"Wonder how new yorkers who have adored andrew cuomo are feeling now how about new yorkers who supported the cuomo dynasty. i mean there's you know he's part of a dynasty. You got. Mario cuomo his famous father. You got the famous brother on cnn. I mean the cuomo's wow they're they're lefty royalty they're just democrat royalty. Aren't they wonder. What what mario cuomo would be shane. The great michael goodwin had some thoughts about that. The pulitzer prize winning columnist. Curtis does as well here on line. Three hey curtis welcome how you doing. Hey mark how you doing good. Good prayers go out to your son. Trevor thank you very much curtis. We all appreciate that our family. Thanks you very very much. I grew up in new york. Mario was the best governor state ever had on. Always talked about him. Said how good he was to the state of new york. But how can he the nipple piercing governor legs so stupid. How can you be so stupid to do that. You're telling it's it's arrogance why you know it's a good question and let's focus on that for a minute. How do these famous people think they can get away with those things. Maybe it's because they always have and they think they always will. But you know i. I don't know. I don't know how famous people get away with what they get away with.
"pulitzer prizes" Discussed on Fresh Air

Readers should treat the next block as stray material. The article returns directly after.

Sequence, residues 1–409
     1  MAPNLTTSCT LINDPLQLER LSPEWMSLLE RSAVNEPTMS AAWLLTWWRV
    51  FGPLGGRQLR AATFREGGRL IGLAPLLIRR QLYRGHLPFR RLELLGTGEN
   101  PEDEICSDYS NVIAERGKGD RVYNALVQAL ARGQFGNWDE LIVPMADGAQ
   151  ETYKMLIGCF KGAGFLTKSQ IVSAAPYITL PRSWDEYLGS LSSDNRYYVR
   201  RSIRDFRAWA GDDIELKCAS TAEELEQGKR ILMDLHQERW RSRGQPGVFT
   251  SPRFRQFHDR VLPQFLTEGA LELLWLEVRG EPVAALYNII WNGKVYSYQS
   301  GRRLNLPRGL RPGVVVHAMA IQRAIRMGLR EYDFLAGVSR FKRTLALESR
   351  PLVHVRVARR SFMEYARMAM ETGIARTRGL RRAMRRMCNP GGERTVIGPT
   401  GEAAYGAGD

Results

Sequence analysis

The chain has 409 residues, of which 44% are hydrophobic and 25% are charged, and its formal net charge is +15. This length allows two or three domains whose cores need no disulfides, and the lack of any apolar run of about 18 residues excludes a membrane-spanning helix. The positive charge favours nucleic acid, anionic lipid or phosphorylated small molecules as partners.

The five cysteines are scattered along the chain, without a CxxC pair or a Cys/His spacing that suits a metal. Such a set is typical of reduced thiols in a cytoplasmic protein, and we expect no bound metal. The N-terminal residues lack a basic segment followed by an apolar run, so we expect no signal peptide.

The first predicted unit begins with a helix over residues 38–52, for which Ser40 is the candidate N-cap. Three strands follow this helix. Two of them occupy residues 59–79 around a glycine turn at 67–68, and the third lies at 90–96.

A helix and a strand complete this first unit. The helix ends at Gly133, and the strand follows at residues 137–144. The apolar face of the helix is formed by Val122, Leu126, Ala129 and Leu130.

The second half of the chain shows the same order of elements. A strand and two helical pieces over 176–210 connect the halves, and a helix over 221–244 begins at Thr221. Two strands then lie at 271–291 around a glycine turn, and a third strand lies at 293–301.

"Anthony visas died unexpectedly. Last december our book critic. Maureen corrigan says these nine stories mostly about first generation cambodian-americans navigating differences with their parents generation of education sexuality and possibility are a bittersweet triumph. It's impossible to talk about after parties. The much-heralded short story collection by anthony. Business so without first talking about it's back story so died this past december of a drug overdose. He was only twenty eight. Most readers who pick up this collection will already know about sows death and yet i'm guessing that like me. A fair number of those readers will be in denial as they're reading these short stories. His voice is so alive. Smart flip funny. Rude sexually explicit and compassionate. come on. it doesn't make sense. That upon its introduction to the larger literary world such a fresh voice has already been stilled. That freshness is derived not only from so's style as a writer but from the nuance perspective of his ultra intersectional identity so was a queer first-generation cambodian american who graduated from stanford and the mfa program at syracuse university. He grew up in stockton california where his working class parents along with many other cambodian refugees settled after fleeing the genocidal regime of the kamerhe. Rouge almost all of the nine stories and after parties are set in stockton a place. We're told that some. Us government official deemed worthy of a bunch of ptsd doubt refugees. That's the teenage narrator of a story called mai li mei li mei li. He's a young gay man who can't wait to escape this landscape of dollar tree stores and cheap sushi joints but toby the slightly older gay narrator of another story called the shop has a more wistful view. In fact toby has gone home to stockton after graduating college in the midwest to work at his father's auto shop there. Most of the men are like his father survivors of the killing fields. Here's toby's view of the place..